General Electric (NYSE:GE) Monday nominated three new candidates for its board of directors ahead of its annual shareholder meeting in April.
The candidates include former Danher Corp. (NYSE:DHR) CEO Lawrence Culp, former American Airlines CEO Thomas Horton and former Financial Accounting Standards Board Chairman Leslie Seidman.
Culp spent 14 years at the helm of Danaher, and led the company during its transformation from an industrial manufacturer to a science and technology business. He has been a senior lecturer at Harvard Business School since his retirement in 2014 and currently serves as a senior adviser to Bain Capital Private Equity.
As the chief executive of American Airlines, Horton ran the restructuring effort and was at the helm when the air carrier inked an order for 460 single-aisle planes from Boeing (NYSE:BA) and Airbus, valued at $38 billion, in 2011. Horton also led the airline’s eventual merger with US Airways (NYSE:LCC) in 2013. He now is a senior adviser at Warburg Pincus LLC and is also the presiding director of Qualcomm (NASDAQ:QCOM) and a director at Walmart (NYSE:WMT).
The former chair of the Financial Accounting Standards Board (FASB), the non-profit organization responsible for establishing generally accepted accounting principles in the U.S. During her 10 years at FASB, the board issued standards on stock compensation to business combinations. She left FASB in 2013, and is the chair of the audit committees at Moody’s and the Financial Industry Regulatory Authority (FINRA), where she also serves as a public governor.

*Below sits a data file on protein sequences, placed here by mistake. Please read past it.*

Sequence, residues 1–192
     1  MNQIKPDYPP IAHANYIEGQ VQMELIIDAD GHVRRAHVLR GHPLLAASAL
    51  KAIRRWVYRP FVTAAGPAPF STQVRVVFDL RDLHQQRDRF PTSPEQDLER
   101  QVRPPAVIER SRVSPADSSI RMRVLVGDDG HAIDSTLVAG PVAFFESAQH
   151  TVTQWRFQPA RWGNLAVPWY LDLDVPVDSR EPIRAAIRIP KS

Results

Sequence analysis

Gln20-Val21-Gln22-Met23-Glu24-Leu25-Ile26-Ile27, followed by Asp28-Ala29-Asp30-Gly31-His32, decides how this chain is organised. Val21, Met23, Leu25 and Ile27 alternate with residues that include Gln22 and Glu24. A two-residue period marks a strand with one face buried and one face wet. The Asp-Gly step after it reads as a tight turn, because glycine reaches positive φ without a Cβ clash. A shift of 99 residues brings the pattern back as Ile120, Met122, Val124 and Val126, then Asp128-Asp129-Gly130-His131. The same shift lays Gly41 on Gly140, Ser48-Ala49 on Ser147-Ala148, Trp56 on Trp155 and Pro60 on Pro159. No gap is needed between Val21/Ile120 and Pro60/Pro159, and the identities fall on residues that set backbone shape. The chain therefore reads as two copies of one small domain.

The move to reshape its board comes amid a corporate turnaround effort, after the company faced a difficult 2017. The company said it would restate its earnings from 2016 and 2017 in a 10-K regulatory filing released Friday, in order to adopt a new accounting standard. The restated earnings per share will be cut by 13 cents for 2016 and 16 cents for 2017.
GE is also part of an industry-wide investigation of subprime mortgages involving the Department of Justice. In the filing, the company disclosed it was issued subpoenas for GE Capital and its WMC Mortgage arm, now defunct, as part of the review. It is cooperating with all inquiries.
The company also announced in mid-January that it would take a $6.2 billion after-tax charge over the fourth quarter of 2017, following a review of its GE Capital insurance portfolio. It said GE Capital expects to make statutory reserve contributions of $15 billion over seven years.